NEW DELHI :
In a major boost to its tactical fighting capabilities, the Indian Air Force (IAF) on Tuesday added eight Apache helicopters, regarded as the most advanced multi-role heavy attack helicopters in the world, to its fleet. The induction ceremony took place at the Pathankot Air Force Station in Punjab.
The 125 Helicopter Squadron, known as the ‘Gladiators’, will have 22 Boeing-built Apaches, which will be stationed at Pathankot, close to the Pakistan border, and in Jorhat Air Force Station in Assam near the border with China.
The induction of the Apaches also marks a shift in India’s defence procurement, with the US supplying lethal military hardware to India—from the P8i maritime reconnaissance and C-130 Hercules transport aircraft and Chinook helicopters.
India signed a $1.1-billion deal for the Apaches with Boeing in September 2015 to replace Russian-built Mi-25 and Mi-35 helicopters.
“Alongside the capability to shoot fire-and-forget anti-tank guided missiles, air-to-air missiles, rockets and other ammunition, it also has modern EW (electronic warfare) capabilities to provide versatility to the helicopter in network-centric aerial warfare," Air Chief Marshal B.S. Dhanoa said at the induction ceremony. “These aircraft have been modified specifically to suit the exacting standards demanded by the IAF."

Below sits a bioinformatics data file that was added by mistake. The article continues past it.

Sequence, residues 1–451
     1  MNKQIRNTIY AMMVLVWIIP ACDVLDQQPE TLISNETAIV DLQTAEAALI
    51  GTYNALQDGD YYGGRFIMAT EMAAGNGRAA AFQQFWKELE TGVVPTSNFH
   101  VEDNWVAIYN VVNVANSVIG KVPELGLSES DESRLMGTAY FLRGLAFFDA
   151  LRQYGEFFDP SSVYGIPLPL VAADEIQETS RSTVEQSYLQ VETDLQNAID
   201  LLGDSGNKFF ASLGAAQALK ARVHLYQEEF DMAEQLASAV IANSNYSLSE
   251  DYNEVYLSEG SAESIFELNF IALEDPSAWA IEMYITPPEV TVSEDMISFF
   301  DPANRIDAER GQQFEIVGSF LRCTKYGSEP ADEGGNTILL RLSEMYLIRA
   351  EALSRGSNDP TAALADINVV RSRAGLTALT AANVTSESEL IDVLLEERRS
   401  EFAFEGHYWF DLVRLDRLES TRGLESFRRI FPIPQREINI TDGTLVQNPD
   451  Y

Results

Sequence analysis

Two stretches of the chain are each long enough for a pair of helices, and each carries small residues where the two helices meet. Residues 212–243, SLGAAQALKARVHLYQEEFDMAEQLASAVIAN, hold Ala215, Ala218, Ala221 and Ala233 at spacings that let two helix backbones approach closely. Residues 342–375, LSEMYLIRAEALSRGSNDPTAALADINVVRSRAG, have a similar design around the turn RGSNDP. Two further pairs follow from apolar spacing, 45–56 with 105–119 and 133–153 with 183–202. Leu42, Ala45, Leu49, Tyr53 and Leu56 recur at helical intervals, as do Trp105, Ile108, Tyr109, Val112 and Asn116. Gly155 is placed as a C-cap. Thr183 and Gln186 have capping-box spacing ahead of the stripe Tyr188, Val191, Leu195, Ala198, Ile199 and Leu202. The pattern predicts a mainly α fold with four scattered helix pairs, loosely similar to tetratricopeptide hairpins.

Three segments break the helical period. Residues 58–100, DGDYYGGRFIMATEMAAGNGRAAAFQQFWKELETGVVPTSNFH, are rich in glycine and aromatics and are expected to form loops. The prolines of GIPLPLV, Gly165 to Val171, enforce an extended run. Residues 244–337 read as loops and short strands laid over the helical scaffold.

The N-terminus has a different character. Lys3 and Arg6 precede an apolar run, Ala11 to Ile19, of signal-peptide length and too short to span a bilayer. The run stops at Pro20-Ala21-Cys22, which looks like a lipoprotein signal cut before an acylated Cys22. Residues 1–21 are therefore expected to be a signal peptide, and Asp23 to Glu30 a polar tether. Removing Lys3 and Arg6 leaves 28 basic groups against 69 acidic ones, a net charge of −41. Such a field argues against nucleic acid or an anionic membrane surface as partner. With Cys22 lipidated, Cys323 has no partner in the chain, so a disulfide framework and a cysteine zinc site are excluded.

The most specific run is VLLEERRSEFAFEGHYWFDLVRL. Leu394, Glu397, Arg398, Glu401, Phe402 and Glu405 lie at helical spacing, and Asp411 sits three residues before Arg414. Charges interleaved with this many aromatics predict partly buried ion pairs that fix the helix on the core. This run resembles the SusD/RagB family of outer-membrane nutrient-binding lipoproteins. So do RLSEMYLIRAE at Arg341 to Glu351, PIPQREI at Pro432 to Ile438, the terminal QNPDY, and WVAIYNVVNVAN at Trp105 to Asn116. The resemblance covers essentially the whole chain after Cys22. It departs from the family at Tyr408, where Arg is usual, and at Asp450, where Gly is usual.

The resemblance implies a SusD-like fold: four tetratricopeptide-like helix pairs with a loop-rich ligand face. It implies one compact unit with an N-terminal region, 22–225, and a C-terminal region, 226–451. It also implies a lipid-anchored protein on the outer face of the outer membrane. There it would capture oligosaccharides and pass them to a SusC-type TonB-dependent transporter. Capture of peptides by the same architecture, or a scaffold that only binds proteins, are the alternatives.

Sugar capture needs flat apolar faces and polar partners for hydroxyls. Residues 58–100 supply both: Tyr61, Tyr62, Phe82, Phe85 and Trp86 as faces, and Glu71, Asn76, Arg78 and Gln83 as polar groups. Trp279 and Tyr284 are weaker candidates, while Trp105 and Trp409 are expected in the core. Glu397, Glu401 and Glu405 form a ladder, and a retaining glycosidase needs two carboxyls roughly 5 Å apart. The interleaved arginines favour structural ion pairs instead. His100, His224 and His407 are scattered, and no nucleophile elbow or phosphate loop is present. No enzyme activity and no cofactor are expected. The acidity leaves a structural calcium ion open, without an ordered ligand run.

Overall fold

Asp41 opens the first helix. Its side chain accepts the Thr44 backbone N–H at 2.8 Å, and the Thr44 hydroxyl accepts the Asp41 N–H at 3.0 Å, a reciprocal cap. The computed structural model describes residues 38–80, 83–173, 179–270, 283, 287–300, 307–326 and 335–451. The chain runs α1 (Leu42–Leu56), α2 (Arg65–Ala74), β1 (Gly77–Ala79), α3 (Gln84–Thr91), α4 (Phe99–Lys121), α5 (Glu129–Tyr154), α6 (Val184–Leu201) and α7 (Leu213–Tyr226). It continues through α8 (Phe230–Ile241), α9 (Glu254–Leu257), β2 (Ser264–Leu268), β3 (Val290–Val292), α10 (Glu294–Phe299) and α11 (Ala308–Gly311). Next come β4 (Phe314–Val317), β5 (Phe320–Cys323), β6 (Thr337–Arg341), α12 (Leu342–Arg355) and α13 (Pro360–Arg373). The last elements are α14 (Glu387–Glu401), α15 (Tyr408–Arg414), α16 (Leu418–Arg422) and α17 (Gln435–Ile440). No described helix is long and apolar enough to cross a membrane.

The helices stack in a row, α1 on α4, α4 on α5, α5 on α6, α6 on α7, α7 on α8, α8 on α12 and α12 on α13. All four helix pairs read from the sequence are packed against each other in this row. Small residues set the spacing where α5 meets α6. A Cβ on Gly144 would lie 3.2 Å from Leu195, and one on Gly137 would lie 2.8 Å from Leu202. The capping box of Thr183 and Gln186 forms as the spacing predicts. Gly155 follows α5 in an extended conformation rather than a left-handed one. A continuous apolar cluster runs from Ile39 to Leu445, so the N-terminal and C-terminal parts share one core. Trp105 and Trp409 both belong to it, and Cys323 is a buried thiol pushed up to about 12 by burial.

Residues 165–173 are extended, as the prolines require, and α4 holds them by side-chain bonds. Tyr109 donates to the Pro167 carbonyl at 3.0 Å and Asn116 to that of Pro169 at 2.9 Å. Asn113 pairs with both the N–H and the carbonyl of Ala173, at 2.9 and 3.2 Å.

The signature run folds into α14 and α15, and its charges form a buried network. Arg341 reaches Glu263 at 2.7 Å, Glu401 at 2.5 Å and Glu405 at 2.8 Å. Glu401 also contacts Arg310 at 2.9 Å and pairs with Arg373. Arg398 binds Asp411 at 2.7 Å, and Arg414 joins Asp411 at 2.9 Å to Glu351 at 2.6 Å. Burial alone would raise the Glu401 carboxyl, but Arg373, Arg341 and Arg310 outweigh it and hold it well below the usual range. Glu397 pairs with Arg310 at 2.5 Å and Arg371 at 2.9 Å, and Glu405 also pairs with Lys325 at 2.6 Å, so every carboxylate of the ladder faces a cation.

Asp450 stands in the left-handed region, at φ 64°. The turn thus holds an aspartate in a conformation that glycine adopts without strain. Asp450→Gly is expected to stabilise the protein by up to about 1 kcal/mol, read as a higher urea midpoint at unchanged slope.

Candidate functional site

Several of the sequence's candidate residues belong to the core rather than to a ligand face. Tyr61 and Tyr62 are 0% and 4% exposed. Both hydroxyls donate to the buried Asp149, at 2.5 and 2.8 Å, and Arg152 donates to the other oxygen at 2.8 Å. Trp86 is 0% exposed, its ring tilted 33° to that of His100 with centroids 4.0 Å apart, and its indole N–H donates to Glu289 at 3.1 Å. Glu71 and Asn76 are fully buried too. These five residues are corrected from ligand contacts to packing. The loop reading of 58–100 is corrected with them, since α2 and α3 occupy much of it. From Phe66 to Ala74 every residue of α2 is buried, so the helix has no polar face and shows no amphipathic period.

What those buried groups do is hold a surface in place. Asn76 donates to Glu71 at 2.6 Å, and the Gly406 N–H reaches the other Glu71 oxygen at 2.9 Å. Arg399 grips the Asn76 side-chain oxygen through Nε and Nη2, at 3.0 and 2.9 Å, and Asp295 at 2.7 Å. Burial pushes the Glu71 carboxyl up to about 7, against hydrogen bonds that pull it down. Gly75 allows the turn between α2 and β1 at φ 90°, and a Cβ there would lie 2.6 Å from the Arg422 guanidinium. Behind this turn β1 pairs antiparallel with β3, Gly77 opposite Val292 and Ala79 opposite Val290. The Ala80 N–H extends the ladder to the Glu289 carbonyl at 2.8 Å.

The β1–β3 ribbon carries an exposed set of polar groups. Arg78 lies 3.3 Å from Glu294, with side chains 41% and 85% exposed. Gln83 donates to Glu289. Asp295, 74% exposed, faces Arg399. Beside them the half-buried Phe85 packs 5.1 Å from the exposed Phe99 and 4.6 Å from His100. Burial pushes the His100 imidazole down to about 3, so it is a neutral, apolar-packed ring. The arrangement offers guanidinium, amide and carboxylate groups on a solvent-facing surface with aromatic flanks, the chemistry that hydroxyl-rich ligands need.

The Apaches arrived in India in July in batches of four and were then shifted to Pathankhot, Boeing India said in a statement. India is the 16th country to receive the Apache, the company said, adding that the helicopter was the advanced variant, the AH-64E Apache, which is also used by the US Army. Indian air and ground crew were trained at facilities in the US Army base, Fort Rucker, in Alabama before the helicopters were delivered. The Indian defence ministry is in the process of evaluating the acquisition of another six Apaches for the Indian Army, Boeing added.
Analysts said the Apache is a stealthy, versatile machine. It has a vertical rate of climb of over 2,000 feet per second and a maximum speed of 279km per hour, making it useful for swift deployment.
The helicopter’s front mounted guns can be used to attack terrorist hideouts in difficult mountain terrain. It’s “fire-and-forget" Hellfire missiles can destroy armoured carriers and tanks among enemy ranks and provides crucial protection for moving ground forces and tanks in the battle field.
The Apache’s rotor mounted radar can transmit battlefield pictures to Airborne Warning and Controls Systems (Awacs) mounted on other aircraft.
The Apache’s forward looking infra red radar can locate targets through dense foliage thanks to its heat-seeking capabilities that then provides pilots with pictures of the target. The helicopter is capable of flying “further, lower and faster" than other similar machines. Lower means that it cannot be picked up by radar, while literally skimming the earth.